The best practices below fall into two key and interdependent categories: 1) People and talent development strategies and 2) Systems and processes. They are interdependent because you can have the best systems and processes in the world and if you have not developed your people to make the necessary mindset and skillset shift, you will be disappointed in their performance when it counts most.

Leading Through VUCA Best Practices

As you read the following best practices for leading through VUCA, pay particular attention to those that are within your span of control or influence.

Volatility

Characterized by an unpredictable, unstable situation, though not necessarily complicated. Information is available as events unfold.

  • Train for role elasticity and develop “generalizing specialists.”
  • Improve decision-speed
  • Build redundancy into your system and build slack into the supply chain
  • Leverage technology and alternative strategies to ensure continuous communication
  • Regularly train for various disruptions, and ID needed skills, knowledge, and talent
  • Tap your hi-potentials for temporary assignments

Uncertainty

Characterized by a lack of key actionable information, such as timing, duration, cause and effect.

  • Tap your Relational Web to:
    • Reduce uncertainty
    • Gather additional information and insight, including customer data, market analytics
    • Improve access to market insights via resources like slack and yammer
    • Reflect on and share experiences of successfully working through uncertainty
  • Identify the givens of the current situation and focus on what is within your span of control
  • Provide or seek career-pathing and “stay interviews” so you can identify people’s interests and strengths to keep them engaged
  • Implement agile performance appraisals and regularly provide feedback and acknowledge agile success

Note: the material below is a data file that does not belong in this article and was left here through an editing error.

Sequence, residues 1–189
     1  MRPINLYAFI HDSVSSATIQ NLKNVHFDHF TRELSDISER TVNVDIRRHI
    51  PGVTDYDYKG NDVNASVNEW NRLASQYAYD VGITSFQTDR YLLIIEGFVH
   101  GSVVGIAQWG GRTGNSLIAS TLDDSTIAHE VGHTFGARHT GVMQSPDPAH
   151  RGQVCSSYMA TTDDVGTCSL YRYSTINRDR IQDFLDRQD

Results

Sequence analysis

Complexity

Characterized by an overwhelming amount of information, interconnected or moving parts and relationships.

  • Improve communication, collaboration and coordination
  • Clarify decision-rights
  • Adapt organizational structure and expertise to match the complexity of the context
  • Identify people who have strengths and experience in dealing with complexity
  • Recruit and develop people who can thrive in complexity (See The Agility Shift, chapters 8-9).

Ambiguity

Characterized by a lack of information and precedent, making the ability to predict the impact of actions a challenge.

  • Create (some) clarity
  • Make space for interactions
  • Re-engage and recommit to your purpose
  • Understand and prioritize user needs
  • Focus on your MVP (Minimal Viable Product)
  • Practice rapid prototyping to fail faster and learn quicker
  • Experiment and pilot to discover what you don’t know
  • Make time to learn the lessons from experience and carry them forward

These ideas are not intended as a prescription for the issues and opportunities that are most pressing for you and your fellow agile leaders. They will help get the conversation started and lead to thoughtful strategic and tactical approaches that build your competence, capacity, and confidence to effectively lead through VUCA.


Contact Me to Learn More About Leading Through VUCA


Pamela Meyer, Ph.D. is the author of The Agility Shift: Creating Agile and Effective Leaders, Teams and Organizations. She is a sought-after keynote speaker and works with leaders and teams across industries who need innovative learning and talent development strategies to make the mindset and business shift to compete in a rapidly changing marketplace.


Bennett, J. and Lemoine, G., (2014) What VUCA Really Means for You, Harvard Business Review, January-February Issue.